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I am trying to re-implement SuperPI myself in Rust, but the results I get are not very accurate. SuperPI computes pi using the Gauss-Legendre algorithm.

The Gauss–Legendre algorithm is quite simple, but the problem is how to store values with full precision. I store all numbers as arbitrary sized rationals, but I am still getting weird results.

Pseudocode:

a0 = 1/1;
b0 = 470832/665857; // an approximation to 1/√2
t0 = 1/4;
p0 = 1;

for i in 0..n {
    a_i+1 = (a + b)/2;
    squared_b_i+1 = a * b;
    b_i+1 = sqrt(squared_b_i+1); // calculated as sqrt(numerator)/sqrt(denominator)
    t_i+1 = t - p * (a_i - a_i+1)^2;
    p_i+1 = 2 * p;
}

let result = (a_n+b_n)^2 / (4t_n);

(actual code may be found here)

My implementation has at least two problems:

  1. It doesn't matter how good 1/√2 approximation I take (470832/665857 in this example), the algorithm doesn't converge to the correct value.
  2. Calculating √(a/b) as √a/√b is not very accurate, because it does ⌊√a⌋/⌊√b⌋ which can introduce a large error.

As a result, my implementation calculates 11 true digits per 20 iterations, while SuperPI does 1M digits.

How do I implement the Gauss–Legendre algorithm efficiently, given the above challenges?

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  • $\begingroup$ @D.W. ok, I always was thinking that programming languages are proper subset of pseudocode languages, but I removed all language-specific details. The main idea resides: for some reason rationals (even with very big numerators and denominators) gives very bad results. $\endgroup$ – Alex Zhukovskiy Jul 11 '18 at 16:34
  • $\begingroup$ Thanks for all the edits and improvements! Check my edit to see whether it correctly reflects your intent. $\endgroup$ – D.W. Jul 11 '18 at 22:16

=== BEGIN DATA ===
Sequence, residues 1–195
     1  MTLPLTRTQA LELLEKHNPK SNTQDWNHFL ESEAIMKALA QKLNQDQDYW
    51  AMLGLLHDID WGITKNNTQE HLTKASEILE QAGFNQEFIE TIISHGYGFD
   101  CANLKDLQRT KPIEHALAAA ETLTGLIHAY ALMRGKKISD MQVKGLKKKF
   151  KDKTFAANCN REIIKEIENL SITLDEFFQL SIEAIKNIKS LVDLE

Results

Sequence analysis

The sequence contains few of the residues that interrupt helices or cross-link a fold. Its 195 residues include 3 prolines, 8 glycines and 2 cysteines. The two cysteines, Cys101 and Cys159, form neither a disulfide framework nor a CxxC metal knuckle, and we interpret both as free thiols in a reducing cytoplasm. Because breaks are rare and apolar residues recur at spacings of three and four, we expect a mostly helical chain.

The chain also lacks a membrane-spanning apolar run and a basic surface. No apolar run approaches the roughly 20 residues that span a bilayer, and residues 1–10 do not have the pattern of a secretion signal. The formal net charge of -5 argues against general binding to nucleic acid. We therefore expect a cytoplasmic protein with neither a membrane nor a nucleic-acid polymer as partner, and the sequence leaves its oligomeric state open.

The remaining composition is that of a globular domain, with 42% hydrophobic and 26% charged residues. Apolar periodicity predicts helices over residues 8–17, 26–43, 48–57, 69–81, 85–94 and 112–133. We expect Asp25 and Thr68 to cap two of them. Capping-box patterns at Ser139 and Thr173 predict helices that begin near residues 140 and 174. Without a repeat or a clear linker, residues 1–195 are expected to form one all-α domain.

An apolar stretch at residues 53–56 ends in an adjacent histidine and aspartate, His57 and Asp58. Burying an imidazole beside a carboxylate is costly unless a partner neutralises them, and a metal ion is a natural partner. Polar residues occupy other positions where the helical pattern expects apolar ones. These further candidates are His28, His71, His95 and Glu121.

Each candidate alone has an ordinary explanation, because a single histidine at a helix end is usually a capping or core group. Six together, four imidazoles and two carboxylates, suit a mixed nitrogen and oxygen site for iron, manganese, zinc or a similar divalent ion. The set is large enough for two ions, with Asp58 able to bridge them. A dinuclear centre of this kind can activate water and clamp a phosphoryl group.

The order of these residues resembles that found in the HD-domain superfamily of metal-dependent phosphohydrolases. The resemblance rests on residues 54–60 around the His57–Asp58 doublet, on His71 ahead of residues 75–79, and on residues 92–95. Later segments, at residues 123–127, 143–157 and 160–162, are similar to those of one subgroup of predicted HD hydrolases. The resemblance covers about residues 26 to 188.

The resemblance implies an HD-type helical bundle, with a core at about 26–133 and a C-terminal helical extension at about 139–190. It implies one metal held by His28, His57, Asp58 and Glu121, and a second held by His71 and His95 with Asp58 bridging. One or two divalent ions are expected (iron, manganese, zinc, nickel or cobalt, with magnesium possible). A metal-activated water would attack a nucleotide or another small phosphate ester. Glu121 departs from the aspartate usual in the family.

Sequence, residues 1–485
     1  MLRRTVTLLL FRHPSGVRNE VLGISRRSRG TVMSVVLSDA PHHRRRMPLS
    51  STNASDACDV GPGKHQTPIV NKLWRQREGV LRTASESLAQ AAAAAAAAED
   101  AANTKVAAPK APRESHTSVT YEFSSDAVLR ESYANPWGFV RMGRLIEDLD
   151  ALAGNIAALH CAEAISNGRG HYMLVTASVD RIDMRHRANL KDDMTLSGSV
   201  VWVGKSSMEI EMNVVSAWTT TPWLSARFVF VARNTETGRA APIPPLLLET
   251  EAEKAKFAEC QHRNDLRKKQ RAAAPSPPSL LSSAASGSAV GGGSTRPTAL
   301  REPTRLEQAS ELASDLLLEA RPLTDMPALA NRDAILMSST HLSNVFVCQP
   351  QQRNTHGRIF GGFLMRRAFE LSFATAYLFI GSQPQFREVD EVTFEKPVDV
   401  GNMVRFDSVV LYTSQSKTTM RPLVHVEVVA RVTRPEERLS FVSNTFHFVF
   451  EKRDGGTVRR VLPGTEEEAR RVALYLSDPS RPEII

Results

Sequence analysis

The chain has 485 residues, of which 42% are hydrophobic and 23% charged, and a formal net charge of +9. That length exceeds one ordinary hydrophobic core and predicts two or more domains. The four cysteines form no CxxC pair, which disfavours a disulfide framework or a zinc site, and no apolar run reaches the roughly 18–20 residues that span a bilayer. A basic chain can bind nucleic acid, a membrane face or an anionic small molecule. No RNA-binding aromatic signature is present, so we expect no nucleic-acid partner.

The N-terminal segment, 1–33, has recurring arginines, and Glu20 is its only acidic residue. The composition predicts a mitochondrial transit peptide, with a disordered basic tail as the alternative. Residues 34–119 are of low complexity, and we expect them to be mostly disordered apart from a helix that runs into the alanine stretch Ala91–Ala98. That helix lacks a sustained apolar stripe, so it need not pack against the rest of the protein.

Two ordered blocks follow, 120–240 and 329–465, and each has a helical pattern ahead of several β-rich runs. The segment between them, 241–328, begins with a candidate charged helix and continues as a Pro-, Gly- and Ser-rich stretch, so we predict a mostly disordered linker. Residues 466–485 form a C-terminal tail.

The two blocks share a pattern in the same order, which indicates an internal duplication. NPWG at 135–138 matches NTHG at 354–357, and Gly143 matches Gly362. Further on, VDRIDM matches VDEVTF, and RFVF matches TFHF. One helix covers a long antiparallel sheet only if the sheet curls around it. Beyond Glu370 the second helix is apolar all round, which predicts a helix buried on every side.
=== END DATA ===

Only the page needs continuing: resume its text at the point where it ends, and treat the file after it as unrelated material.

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It sounds like you are using arbitrary-precision arithmetic, i.e., you represent each rational number as a ratio $a/b$ where $a,b$ are stored as arbitrary size integers (bignums). If that's the case, that's probably the source of your problem.

Don't do that. That's highly inefficient, because you'll end up with very large integers $a,b$, that may be far larger than needed for the desired precision level; and it'll be imprecise, because of the ⌊√a⌋/⌊√b⌋ problem you mention.

Instead, use fixed-precision arithmetic: each number is represented directly as a number (not a ratio) using a fixed-precision representation. That will be much more efficient and more accurate. It won't have the problem of ⌊√a⌋/⌊√b⌋, since you're not limited to a ratio of integers. You might need to find a library that implements fixed-precision arithmetic, or to implement that part yourself, and you'll probably need to estimate the appropriate precision level based on the number of iterations and the amount of precision achievable with that given precision level.

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  • $\begingroup$ Unfortunately, my language doesn't have FP arithmetics other than integers, so I have to implement it myself. AFAIK all operators should be implemented on top of arbitrary sized integers, but I need to fix all of them to make it work correctly with point that differs from 0. Is there any literature that could help me with design? I would appreciate it. $\endgroup$ – Alex Zhukovskiy Jul 14 '18 at 9:03

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